In many ways this is one of the industry standards nowadays - you can't really go wrong with 9 outlets - 7 at 9V DC/500mA and 2 variable 9/12/18V DC with corresponding 500/375/250mA output. If course not as sleek or versatile as the newer Cioks DC7. But the 9 slots make it more suitable in several applications - and for my circumstances in particular. Obviously if your pedalboard is factor of 7s or other integers - then other supplies may be more suitable, but I feel that the Zuma gets is about right for a mix of volume of outlets and versatility.
My own Power-Supply requirements are likely different from most - but there will be obvious overlaps. With the GigRig Generator system you can exactly apportion the total output in which every variation you need - but it's kind of fiddly and involves a lot of different smaller boxes and more intricate wiring. The beauty of these big boxes is that each slot can power pretty much everything - and you just need to select the best fit patch cables and power cables to fit your layout - I happen to have several of each.
Pedal can vary enormously in size and shape and the power socket on those or the patch cables may need to be of differing lengths - which means the GigRig approach won't necessarily work well if you're doing as much chopping and changing as I. But then again I do run a Pedal Blog and need to slot in a variety of pedals in a variety of different locations - so versatility and flexibility is essential for me - which is why only these sorts of Power Supplies will do.
There are a lot of great power-supply brands out there - T-Rex, TrueTone/OneSpot, Voodoo Lab and Walrus Audio - but not all have kept up with the current state of innovation. Cioks has raised the bar further here - and I expect more pedals of the ilk to appear eventually - a couple more outlets perhaps, and one of those AC current.
It goes without saying you need a lot of different pedal power cables too - as some have different power jacks - 2.5mm versus the standard 2.1mm - and while the majority nowadays take centre-negative current - many fuzzes and more vintage style effects are still centre-positive - which requires a polarity inverter - fortunately the big brands provide many of those with their pedals. I best like T-Rex's colour-coded approach - that is something they still to well - and their 'Power Cable Survival Kit' is probably the best out there - part of this came with my T-Rex Goliath, and I've ordered another one since for backup. I really like how the orange polarity inverter also has a flappy label on it warning that it reverses polarity - as most will know by now that using the wrong Voltage will typically short out and damage your pedal. I feel all pedal-builders should build in circuit-breakers and protections for those likely scenarios - but the truth is that very few do - so depending on how complicated your setup is you may be placing yourself / pedals in increasing amounts of jeopardy. I've attached stickers on pedals and flappy labels on cables as warnings for those supply lines which are above 9V - to avoid possibly disaster - but if you're not 100% switched on all the time - accidents can happen.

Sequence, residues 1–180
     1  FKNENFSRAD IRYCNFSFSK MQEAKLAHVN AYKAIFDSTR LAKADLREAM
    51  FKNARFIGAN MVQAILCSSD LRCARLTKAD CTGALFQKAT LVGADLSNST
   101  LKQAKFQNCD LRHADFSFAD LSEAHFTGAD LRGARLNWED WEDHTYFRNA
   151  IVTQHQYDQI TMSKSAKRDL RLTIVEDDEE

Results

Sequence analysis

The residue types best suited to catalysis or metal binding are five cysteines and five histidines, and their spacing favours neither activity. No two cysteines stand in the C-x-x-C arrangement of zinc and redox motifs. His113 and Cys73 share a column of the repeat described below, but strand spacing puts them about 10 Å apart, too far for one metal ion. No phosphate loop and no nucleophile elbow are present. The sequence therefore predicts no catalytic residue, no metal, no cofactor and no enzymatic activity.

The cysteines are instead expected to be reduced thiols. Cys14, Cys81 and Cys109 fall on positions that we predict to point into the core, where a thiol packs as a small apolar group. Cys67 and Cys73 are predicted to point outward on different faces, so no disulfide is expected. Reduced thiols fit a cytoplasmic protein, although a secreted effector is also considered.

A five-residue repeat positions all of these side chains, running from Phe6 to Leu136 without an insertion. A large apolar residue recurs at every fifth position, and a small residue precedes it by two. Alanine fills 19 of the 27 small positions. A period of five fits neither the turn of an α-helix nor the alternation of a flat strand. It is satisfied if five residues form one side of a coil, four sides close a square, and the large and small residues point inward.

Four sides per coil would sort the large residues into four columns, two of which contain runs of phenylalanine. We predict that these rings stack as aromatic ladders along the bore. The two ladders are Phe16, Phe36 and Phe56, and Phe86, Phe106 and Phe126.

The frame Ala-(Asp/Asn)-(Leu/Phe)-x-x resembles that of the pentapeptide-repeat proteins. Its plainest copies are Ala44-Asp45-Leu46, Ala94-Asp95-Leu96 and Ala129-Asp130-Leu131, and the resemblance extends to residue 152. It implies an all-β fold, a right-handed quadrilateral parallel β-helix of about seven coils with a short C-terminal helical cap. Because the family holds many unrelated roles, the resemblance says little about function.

I still find the benefits outweigh the challenges here and I am still very much a pedal fan - with 40+ pedals 'live' at any give time - albeit not all 'active'. I know there are lots of questions about power supply out there - but hopefully I will have got some of you closer to the answers you need with my two features on the subject.